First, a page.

Knowing as we are Known

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To whom shall I compare the people of this age? Who are they like? they are like children in the market place. They sit and yell at each other. They say, “We piped for you and you didn’t dance! We wailed in lament, and you didn’t weep.! John the Baptist has come neither eating bread nor drinking wine and you say, “He has a demon!” The Son of Man has come eating and drinking, and you say, “Look! A glutton and drunkard, a friend of tax-agents and sinners!” But wisdom is justified by all her children.

Luke 7: 31-5

When I was a child, I used to talk like a child, and think like a child, and argue like a child, but now I am an adult, all childish ways are put behind me. Now we are seeing a dim reflection in a mirror, but then we shall be seeing face to face. The knowledge that I have now is imperfect; but then I shall know as fully as I am known.

1 Cor. 13: 11-12

Both of today’s readings speak of the difference between the knowledge of the child and the wisdom or love of the “adult”. In the gospel Jesus describes the childish mode by which “the people of this age” make judgments of others. They look and judge both John and Jesus in light of their demands and expectations. They can’t learn from either of them, because they already know and have judged what they see. As the Buddha would say, they judge what they see out of their own cravings and aversions. “When I pipe for you, you must dance; when I wail, you must weep.” In other words, I’ll approve of you when you ratify what I already know, believe, and desire. What this perspective cannot do is to receive who the other actually is and, with a presence to the other that respects its mysterious otherness, allow itself to be formed and changed by the encounter. To live more fully from one’s capacity to learn and be formed by the world’s inner truth is a manifestation of growth in wisdom.

This deeper mode of transcendent and receptive presence to the world is what we sometimes call “seeing with the eyes of love.” St. Paul says that the spiritually immature see the other as “a dim reflection in a mirror,” but that as we grow in wisdom we come to know “as fully as [we are] known.” The mystical tradition speaks of seeing “with the eye with which God sees us.” The eye “of the ego” is an eye that sees the other in light of its own needs, demands, and expectations: its own cravings and aversions. But the “eye” if love, of the spirit, is the eye that sees, and so loves, the other in what does not conform to its prejudices and biases. It is to love (and so really know)the other as (s)he is, in the way that God knows and loves us. Love, as it is used in the Christian scriptures, is love of the other as they are, which means in their foreignness to us, in those times when they fail to meet our expectations. As Soren Kierkegaard so succinctly puts it: “The task is not to find the lovable object, but to find the object before you lovable.”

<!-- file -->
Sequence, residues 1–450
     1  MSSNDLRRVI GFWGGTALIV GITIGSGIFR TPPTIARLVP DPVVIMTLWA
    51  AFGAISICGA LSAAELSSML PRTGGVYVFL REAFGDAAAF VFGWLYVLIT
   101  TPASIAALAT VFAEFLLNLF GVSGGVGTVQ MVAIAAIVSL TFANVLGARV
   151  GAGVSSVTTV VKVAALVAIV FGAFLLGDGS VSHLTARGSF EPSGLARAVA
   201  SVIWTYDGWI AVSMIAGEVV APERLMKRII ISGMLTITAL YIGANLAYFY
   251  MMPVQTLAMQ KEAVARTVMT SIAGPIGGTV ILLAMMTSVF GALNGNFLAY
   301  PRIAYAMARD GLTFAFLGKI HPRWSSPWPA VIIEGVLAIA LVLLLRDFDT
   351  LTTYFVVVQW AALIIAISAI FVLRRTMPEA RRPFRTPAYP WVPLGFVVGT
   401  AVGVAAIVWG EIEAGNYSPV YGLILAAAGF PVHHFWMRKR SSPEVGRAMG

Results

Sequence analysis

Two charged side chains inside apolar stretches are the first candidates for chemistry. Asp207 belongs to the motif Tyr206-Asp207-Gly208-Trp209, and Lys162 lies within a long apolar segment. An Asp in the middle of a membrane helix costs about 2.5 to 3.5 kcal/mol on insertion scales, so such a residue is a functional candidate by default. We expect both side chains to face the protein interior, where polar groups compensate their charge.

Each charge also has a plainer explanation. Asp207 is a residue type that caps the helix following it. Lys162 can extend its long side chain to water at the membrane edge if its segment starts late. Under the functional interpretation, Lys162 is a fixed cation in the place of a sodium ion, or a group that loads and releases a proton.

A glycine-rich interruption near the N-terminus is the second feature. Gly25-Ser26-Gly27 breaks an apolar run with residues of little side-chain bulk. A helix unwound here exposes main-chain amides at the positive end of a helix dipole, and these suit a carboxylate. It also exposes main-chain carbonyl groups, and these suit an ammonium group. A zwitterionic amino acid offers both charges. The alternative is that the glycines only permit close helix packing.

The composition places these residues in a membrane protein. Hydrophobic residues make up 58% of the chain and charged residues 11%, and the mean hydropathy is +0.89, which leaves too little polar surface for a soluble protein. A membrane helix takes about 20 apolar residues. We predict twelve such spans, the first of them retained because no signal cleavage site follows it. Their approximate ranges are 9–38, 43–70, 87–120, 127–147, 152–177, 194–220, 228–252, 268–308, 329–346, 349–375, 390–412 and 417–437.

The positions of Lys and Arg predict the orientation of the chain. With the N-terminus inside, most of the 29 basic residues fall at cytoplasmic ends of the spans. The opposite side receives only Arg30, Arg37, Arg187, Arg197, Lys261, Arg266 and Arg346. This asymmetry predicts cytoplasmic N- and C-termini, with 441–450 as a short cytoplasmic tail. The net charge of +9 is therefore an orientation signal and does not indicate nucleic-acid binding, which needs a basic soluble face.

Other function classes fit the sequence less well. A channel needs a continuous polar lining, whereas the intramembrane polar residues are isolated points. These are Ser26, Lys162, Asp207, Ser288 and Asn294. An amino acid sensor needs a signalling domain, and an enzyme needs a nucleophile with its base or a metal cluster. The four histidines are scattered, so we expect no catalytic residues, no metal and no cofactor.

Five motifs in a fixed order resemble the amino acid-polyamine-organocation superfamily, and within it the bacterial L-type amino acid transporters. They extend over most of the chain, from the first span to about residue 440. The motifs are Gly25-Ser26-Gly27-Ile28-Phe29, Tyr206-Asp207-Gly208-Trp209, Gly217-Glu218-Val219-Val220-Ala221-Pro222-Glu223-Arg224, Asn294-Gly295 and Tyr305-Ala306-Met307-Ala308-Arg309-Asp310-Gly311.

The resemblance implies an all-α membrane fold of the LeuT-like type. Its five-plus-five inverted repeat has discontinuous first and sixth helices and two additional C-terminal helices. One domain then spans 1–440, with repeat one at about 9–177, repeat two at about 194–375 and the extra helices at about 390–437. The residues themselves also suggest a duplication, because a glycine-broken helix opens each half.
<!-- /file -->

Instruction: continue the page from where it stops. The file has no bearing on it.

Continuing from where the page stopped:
To love another in spite of his weaknesses and errors and imperfections is not perfect love. No, to love is to find him lovable in spite of and together with his weakness and errors and imperfections. . . . It is a sad upside-downness, altogether too common, to talk on and on about how the object of love should be before it can be loved. The task is not to find the lovable object, but to find the object before you lovable — whether given or chosen — and to be able to continue finding this one lovable, no matter how that person changes. To love is to love the person one sees. As the apostle John reminds us: “He who does not love his brother whom he has seen, cannot love God whom he has not seen.” (1 John 4:20)

We foolish people often think that when a person has changed for the worse we are exempted from loving him. What a confusion in language: to be exempt from loving. As if it were a matter of compulsion, a burden one wished to cast away! If this is how you see the person, then you really do not see him; you merely see unworthiness, imperfection, and admit thereby that when you loved him you did not really see him but saw only his excellence and perfections. True love is a matter of loving the very person you see. The emphasis is not on loving the perfections, but on loving the person you see, no matter what perfections or imperfections that person might possess.

Christianity teaches us that the perfect person is the one who limitlessly loves the person he sees. We humans always look upward for the perfect object, but in Christ love looks down to earth and loves the person it sees. If then, you wish to become perfect in love, strive to love the person you see, just as you see him, with all his imperfections and weaknesses. Love him as you see him when he is utterly changed, when he no longer loves you, when he perhaps turns indifferently away or turns to love someone else. Love him as you see him when he betrays and denies you. Love the person you see and see the person you love.

Soren Kierkegaard, Works of Love

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